Follow-up to the Firefox updates post
Further thoughts in response to comments on my previous post about rapid Firefox releases.
1. "But Chrome does automatic updates too! If people hate automatic updates they shouldn't be switching to Chrome". A lot of people have said something to this effect.
Look, it might not make perfect logical sense, but I'm reporting what actual users have been telling me about their reasons for switching. They may not be aware that Chrome has automatic updates (since they're mostly invisible). Or they may think automatic updates are fine as long as they're implemented unobtrusively.
2. "People like Chrome's automatic updates fine; therefore it's not the fact of automatic changes but the obtrusiveness of the implementation that matters".
Another frequent argument. It's certainly the prevailing opinion in the software industry right now -- that everything should auto-update, and the only difference that matters is between auto-updating well and auto-updating poorly.
I'm just not so sure this is really a good idea. I realize that my position might be unusual, even controversial. But I think users ought to have the ability to say "no thanks" to an update that makes UI or compatibility-related changes. These changes can have downsides. Since only the user is in a good position to judge how significant those downsides will be for them, the user should be in control of accepting or rejecting those changes.
Chrome hasn't yet made any large changes of this type so far. They're still too new for people to have built up a lot of dependence on obscure add-ons or UI edge-cases, and they've been mostly leaving the UI alone and making changes under the hood. So they haven't yet faced backlash for an unpopular change.
But take a look at the outcry over recent UI changes to another Google product -- GMail. Since GMail is a webapp, there's nothing users can do to about the changes. There's no such thing as running an "older version" of a webapp -- automatic updating is unavoidable. There seemed to be a lot of people who agreed with my assessment that the changes were a net negative.
I suspect that sooner or later, Chrome will make a UI change that users don't like, they'll push it out automatically, people will have no way to go back to the old version, and then there will be similar backlash.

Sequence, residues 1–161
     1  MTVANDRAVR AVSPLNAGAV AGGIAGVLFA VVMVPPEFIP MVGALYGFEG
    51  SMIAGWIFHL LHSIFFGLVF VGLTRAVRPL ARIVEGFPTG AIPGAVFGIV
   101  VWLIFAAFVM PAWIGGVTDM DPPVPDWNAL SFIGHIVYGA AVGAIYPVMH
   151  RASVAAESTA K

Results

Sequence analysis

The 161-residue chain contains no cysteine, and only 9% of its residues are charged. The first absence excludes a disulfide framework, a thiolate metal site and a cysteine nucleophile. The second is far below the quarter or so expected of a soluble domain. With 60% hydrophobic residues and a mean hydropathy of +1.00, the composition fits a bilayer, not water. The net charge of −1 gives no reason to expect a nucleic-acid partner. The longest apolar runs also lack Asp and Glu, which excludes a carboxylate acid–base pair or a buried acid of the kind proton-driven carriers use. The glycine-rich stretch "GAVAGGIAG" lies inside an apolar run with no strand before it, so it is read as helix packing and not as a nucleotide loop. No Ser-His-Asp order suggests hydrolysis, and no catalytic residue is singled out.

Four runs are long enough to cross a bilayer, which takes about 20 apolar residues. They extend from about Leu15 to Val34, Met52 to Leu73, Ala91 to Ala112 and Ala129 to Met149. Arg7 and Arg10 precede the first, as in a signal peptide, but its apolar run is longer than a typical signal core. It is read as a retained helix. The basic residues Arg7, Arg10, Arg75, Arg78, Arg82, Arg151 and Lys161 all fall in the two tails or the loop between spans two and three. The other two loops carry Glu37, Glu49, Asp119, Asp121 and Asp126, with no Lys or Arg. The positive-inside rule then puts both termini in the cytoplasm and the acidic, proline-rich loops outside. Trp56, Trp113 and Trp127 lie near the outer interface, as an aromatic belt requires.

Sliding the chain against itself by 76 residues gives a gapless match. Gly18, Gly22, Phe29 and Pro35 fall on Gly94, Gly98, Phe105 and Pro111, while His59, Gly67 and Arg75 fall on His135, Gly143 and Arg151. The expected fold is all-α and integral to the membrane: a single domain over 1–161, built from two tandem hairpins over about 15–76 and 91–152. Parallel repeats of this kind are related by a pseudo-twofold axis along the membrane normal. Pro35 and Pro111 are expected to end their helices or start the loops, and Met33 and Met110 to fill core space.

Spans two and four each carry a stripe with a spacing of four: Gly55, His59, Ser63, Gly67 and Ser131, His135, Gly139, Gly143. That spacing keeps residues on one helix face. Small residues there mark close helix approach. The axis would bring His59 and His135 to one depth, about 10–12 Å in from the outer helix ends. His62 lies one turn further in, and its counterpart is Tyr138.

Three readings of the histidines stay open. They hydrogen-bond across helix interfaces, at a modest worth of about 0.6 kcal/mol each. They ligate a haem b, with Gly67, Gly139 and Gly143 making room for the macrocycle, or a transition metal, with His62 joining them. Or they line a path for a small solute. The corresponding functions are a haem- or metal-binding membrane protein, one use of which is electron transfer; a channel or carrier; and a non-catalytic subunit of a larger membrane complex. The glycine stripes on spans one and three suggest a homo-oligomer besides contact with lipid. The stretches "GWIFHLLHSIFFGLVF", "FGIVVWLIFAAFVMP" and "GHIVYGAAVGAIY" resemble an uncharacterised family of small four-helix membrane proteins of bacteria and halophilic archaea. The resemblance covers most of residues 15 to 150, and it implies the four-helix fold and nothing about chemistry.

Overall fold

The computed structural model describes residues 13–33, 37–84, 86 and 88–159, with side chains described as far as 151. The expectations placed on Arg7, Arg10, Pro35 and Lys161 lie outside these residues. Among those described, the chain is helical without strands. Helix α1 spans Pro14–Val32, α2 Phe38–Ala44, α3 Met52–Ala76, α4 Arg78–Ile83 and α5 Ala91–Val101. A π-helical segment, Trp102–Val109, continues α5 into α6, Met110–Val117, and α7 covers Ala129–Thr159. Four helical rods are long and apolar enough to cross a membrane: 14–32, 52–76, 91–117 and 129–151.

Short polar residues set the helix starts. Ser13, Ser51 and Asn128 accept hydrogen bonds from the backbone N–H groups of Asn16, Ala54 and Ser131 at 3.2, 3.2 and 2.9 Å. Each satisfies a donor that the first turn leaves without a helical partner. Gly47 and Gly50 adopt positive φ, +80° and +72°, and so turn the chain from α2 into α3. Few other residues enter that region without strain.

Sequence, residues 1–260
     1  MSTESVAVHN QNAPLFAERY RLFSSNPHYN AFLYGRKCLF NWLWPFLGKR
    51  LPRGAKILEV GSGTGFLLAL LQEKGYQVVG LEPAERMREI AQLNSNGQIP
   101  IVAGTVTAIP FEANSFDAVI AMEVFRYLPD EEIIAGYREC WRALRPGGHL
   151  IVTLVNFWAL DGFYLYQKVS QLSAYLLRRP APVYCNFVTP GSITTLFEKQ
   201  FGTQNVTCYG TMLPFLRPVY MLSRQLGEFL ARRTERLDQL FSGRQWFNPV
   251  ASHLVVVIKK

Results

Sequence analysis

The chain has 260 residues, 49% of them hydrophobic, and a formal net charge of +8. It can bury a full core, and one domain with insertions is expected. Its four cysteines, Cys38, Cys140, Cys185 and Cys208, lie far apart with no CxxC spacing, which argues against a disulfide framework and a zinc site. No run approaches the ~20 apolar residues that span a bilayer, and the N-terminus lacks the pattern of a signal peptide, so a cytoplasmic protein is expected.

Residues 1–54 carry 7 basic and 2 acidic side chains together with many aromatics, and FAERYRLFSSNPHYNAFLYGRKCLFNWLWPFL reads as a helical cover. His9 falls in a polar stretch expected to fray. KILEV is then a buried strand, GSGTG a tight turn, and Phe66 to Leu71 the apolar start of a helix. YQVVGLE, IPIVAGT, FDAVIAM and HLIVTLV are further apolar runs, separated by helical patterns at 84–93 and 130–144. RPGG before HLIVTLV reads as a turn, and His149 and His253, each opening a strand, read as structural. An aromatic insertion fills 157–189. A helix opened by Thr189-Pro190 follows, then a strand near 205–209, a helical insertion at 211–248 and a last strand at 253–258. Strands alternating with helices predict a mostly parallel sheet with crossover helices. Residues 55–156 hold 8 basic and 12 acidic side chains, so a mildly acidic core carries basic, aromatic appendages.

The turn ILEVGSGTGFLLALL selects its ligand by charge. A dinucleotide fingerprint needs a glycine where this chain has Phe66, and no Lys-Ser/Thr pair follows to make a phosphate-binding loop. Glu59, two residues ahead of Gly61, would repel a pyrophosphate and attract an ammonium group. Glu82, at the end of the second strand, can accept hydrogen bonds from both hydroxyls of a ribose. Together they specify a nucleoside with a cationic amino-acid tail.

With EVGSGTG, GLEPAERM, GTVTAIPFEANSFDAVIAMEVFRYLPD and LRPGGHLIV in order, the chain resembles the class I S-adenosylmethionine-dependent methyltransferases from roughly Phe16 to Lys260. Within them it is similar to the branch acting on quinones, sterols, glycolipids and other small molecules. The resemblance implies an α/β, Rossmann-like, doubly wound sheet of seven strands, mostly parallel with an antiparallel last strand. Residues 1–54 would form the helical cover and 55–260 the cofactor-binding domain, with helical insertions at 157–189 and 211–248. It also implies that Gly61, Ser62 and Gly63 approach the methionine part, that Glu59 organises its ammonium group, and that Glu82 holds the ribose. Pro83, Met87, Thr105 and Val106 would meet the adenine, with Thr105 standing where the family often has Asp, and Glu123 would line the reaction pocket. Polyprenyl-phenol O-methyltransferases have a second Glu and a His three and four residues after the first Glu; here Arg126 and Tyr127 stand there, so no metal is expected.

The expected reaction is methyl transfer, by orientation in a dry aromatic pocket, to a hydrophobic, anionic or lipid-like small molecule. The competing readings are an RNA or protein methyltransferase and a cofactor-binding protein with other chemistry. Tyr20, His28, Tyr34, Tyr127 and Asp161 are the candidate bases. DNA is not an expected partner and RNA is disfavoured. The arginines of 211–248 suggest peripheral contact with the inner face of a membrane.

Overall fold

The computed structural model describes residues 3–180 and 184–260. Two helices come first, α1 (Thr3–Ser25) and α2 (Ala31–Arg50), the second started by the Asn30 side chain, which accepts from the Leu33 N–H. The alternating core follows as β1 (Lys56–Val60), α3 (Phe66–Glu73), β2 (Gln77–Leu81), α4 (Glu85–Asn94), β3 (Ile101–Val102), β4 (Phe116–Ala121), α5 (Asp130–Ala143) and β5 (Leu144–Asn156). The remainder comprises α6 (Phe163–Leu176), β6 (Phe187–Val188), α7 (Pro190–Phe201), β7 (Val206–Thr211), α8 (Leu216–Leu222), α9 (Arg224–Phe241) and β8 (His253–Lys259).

3. Separating types of updates. I'm going to quote Gervase's comment in full, because I think he gets to the crux of the matter:
Updates are a good thing for all users when they are security updates. One of the things about the rapid release process, and one of the reasons for picking "six weeks", was the idea that security releases and new releases would be the same thing, and we'd have to maintain fewer branches. When a security update comes with significant UI changes, though, that's not good. So perhaps the idea of combining the two was our mistake?
Yes! It's best for everybody if as many people as possible are on the most secure possible version of their chosen browser, and the best way to make that happen is with automatic security updates. I would add performance updates and certain types of bug-fixes to this category, too -- if a change does nothing but speed things up, with no UI changes, then I think it's OK to push that out automatically and unobtrusively. Who doesn't want speed enhancements?
Maybe software projects ought to design their architecture so they can do security/performance updates in separate development branches from UI-relevant updates? Then the security/performance updates can be automatic and invisible, while the UI/compatibility changes can be optional. (Yes, separating these two kinds of updates can be hard. Yes, supporting multiple versions with different UI is hard. Nobody said making good software was easy!)
4. Mozilla actually did this, sort of. Firefox Extended Support Release exists. It's a version that gets security fixes but no UI changes for a year at a time. It's designed for large deployments at schools, businesses, etc. It would be an ideal solution for users who don't want change, but for some reason Mozilla has chosen to hide it away and actively discourage individual non-enterprise end-users from trying it out.
5. I said "No UI is better than the one you already know". I was exaggerating for hyperbole -- I don't really believe that no UI is ever better than the one you know.
So let me revise my statement: Rarely is a UI change such a big improvement that the efficiency gain from adopting it outweighs the efficiency loss from relearning. Designers tend to overestimate the benefit of a change and underestimate the importance of habituation. That's what I was trying to say.
Look down at your hands. Are you using a DVORAK keyboard? Why not? It's theoretically more efficient, right?
6. The Firefox update mechanism is a lot better now, as is the add-on compatibility situation. If you've left Firefox, I hope you'll consider giving it another try.